Skip to main content

Elazar, Daniel J.

ELAZAR, DANIEL J.

ELAZAR, DANIEL J. (1934–1999), political scientist. Elazar was born in Minneapolis and received his M.A. and Ph.D. from the University of Chicago. He was appointed professor of political science at Temple University in Philadelphia, where he founded and directed the Center for the Study of Federalism. A leading authority on the subject, he was a founding president of the International Association for Federal Studies. Elazar divided his time between the U.S. and Israel, where he was professor of intergovernmental relations at Bar-Ilan University. And, as founder and president of the Jerusalem Center for Public Affairs, he headed the major independent Jewish think tank concerned with seeking solutions to the pivotal problems facing Israel and world Jewry.

In 1986 he was appointed by President Reagan to be a member of the U.S. Advisory Commission on Intergovernmental Relations and was reappointed in 1991 by President Bush. He was secretary of the American Political Science Association and served as consultant to many federal, state, and local agencies, including the U.S. Departments of Education, Health and Human Services, and Housing and Urban Development, the National Governors' Association, the Education Commission of the States, and the Pennsylvania Science and Technology Commission, as well as to the governments of Israel, Canada, Cyprus, Italy, South Africa, and Spain.

Elazar was recognized as an expert on Jewish community organization worldwide, on the Jewish political tradition, and on Israel's government and politics. He was a consultant to the Israeli government, the Jewish Agency, the World Zionist Organization, the City of Jerusalem, and to most major Jewish organizations in the U.S. and Canada, Europe, South Africa, and Australia. Taking a leadership role in numerous local and national Jewish organizations, he was chairman of the Israel Political Science Association, a member of various consultative bodies of the Israeli government, active in the World Sephardi Federation, president of the American Sephardi Federation, and served on the International Council of Yad Vashem.

Elazar wrote or edited more than 60 books and many other publications, including Community and Polity: The Organizational Dynamics of American Jewry (1976), an in-depth study of the American Jewish community and its institutions; People and Polity, The Organizational Dynamics of World Jewry (1989), a study of the communities and institutions of World Jewry; Israel: Building a New Society (1986); A Double Bond: The Constitutional Documents of American Jewry (1992); Israel at the Polls, 1992 (1994); The Conservative Movement in Judaism: Dilemmas and Opportunities (with R.M. Geffen, 2000); and Israel at the Polls, 1999 (2001). Some of his books have sought a solution to the Israel-Palestinian problem based on federal principles. He was the founder and editor of Publius, the journal of Federalism, and the editor of the Jewish Political Studies Review. Together with his brother, David H. Elazar, he published A Classification System for Libraries of Judaica.

[Yitzhak Kerem /

Ruth Beloff (2nd ed.)]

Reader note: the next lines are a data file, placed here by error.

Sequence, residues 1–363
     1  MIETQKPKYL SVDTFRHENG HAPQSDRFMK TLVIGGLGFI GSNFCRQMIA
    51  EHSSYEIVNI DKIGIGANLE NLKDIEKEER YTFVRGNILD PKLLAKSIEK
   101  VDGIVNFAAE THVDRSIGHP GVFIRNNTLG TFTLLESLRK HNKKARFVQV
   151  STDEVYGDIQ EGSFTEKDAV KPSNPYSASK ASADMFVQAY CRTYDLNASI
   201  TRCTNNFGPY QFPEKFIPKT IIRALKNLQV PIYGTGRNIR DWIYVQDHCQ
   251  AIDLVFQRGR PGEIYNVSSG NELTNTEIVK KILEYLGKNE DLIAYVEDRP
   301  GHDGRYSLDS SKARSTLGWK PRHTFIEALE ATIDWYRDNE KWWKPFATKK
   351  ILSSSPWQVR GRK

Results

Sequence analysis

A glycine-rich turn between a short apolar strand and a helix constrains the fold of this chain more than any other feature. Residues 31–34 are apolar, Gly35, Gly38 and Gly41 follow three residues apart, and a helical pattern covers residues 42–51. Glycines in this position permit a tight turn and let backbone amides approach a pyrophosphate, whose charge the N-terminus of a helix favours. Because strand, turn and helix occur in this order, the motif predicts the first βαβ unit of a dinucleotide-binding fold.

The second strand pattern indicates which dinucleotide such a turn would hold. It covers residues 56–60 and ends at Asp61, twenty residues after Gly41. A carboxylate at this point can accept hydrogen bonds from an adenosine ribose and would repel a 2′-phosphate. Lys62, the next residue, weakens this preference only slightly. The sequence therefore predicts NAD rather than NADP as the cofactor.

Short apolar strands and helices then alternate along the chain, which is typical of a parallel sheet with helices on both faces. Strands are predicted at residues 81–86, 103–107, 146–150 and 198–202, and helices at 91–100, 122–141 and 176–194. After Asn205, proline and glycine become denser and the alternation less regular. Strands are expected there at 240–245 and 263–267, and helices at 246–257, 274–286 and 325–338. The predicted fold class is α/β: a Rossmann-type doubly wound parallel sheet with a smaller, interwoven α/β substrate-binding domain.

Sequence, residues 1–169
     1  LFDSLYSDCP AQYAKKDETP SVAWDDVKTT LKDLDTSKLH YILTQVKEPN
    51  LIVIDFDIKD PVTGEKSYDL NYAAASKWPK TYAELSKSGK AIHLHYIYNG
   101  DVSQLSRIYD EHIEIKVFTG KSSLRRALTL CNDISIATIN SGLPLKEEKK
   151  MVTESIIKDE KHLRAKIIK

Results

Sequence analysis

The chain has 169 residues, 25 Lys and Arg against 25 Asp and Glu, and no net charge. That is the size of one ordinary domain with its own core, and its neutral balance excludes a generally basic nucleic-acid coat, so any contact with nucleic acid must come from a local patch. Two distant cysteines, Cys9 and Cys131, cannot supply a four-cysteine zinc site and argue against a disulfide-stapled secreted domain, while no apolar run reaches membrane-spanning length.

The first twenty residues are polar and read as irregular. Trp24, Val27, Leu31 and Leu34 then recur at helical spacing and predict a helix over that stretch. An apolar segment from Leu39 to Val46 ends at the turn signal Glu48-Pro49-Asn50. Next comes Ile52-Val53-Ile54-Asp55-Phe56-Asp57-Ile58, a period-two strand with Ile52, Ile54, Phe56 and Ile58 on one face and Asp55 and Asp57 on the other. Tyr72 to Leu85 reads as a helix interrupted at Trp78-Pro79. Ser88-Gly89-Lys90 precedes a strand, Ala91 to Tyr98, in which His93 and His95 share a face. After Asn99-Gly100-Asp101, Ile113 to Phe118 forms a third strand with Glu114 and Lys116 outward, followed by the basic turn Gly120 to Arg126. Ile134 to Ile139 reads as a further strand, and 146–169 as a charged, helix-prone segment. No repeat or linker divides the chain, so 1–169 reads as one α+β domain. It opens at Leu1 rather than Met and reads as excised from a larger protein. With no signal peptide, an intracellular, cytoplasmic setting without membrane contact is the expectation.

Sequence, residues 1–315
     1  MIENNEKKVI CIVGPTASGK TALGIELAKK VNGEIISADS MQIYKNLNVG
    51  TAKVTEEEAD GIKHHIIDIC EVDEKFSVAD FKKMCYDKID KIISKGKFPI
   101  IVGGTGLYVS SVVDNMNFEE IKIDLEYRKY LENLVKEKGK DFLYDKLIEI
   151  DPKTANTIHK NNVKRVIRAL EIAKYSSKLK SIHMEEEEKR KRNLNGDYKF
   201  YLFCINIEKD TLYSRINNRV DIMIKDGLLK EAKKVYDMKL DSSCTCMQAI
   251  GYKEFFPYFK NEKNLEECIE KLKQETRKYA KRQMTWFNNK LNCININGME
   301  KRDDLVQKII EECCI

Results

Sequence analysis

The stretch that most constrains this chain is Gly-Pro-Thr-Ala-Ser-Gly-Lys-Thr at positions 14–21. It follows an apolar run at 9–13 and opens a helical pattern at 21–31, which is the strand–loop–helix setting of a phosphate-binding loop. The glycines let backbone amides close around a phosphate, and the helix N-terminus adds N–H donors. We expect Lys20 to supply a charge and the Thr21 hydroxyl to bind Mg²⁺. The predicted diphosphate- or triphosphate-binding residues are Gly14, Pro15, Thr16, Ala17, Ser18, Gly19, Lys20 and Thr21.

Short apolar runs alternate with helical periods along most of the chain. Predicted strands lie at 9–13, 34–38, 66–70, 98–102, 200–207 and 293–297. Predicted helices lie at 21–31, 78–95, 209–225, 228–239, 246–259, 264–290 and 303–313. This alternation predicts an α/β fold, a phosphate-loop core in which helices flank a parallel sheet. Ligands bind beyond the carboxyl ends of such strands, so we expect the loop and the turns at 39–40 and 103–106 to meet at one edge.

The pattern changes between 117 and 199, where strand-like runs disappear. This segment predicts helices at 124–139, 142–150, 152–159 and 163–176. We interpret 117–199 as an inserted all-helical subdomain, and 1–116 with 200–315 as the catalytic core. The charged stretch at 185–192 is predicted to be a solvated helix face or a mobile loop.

Cite this article
Pick a style below, and copy the text for your bibliography.

  • MLA
  • Chicago
  • APA

"Elazar, Daniel J.." Encyclopaedia Judaica. . Encyclopedia.com. 18 Aug. 2018 <http://www.encyclopedia.com>.

"Elazar, Daniel J.." Encyclopaedia Judaica. . Encyclopedia.com. (August 18, 2018). http://www.encyclopedia.com/religion/encyclopedias-almanacs-transcripts-and-maps/elazar-daniel-j

"Elazar, Daniel J.." Encyclopaedia Judaica. . Retrieved August 18, 2018 from Encyclopedia.com: http://www.encyclopedia.com/religion/encyclopedias-almanacs-transcripts-and-maps/elazar-daniel-j

Learn more about citation styles

Citation styles

Encyclopedia.com gives you the ability to cite reference entries and articles according to common styles from the Modern Language Association (MLA), The Chicago Manual of Style, and the American Psychological Association (APA).

Within the “Cite this article” tool, pick a style to see how all available information looks when formatted according to that style. Then, copy and paste the text into your bibliography or works cited list.

Because each style has its own formatting nuances that evolve over time and not all information is available for every reference entry or article, Encyclopedia.com cannot guarantee each citation it generates. Therefore, it’s best to use Encyclopedia.com citations as a starting point before checking the style against your school or publication’s requirements and the most-recent information available at these sites:

Modern Language Association

http://www.mla.org/style

The Chicago Manual of Style

http://www.chicagomanualofstyle.org/tools_citationguide.html

American Psychological Association

http://apastyle.apa.org/

Notes:
  • Most online reference entries and articles do not have page numbers. Therefore, that information is unavailable for most Encyclopedia.com content. However, the date of retrieval is often important. Refer to each style’s convention regarding the best way to format page numbers and retrieval dates.
  • In addition to the MLA, Chicago, and APA styles, your school, university, publication, or institution may have its own requirements for citations. Therefore, be sure to refer to those guidelines when editing your bibliography or works cited list.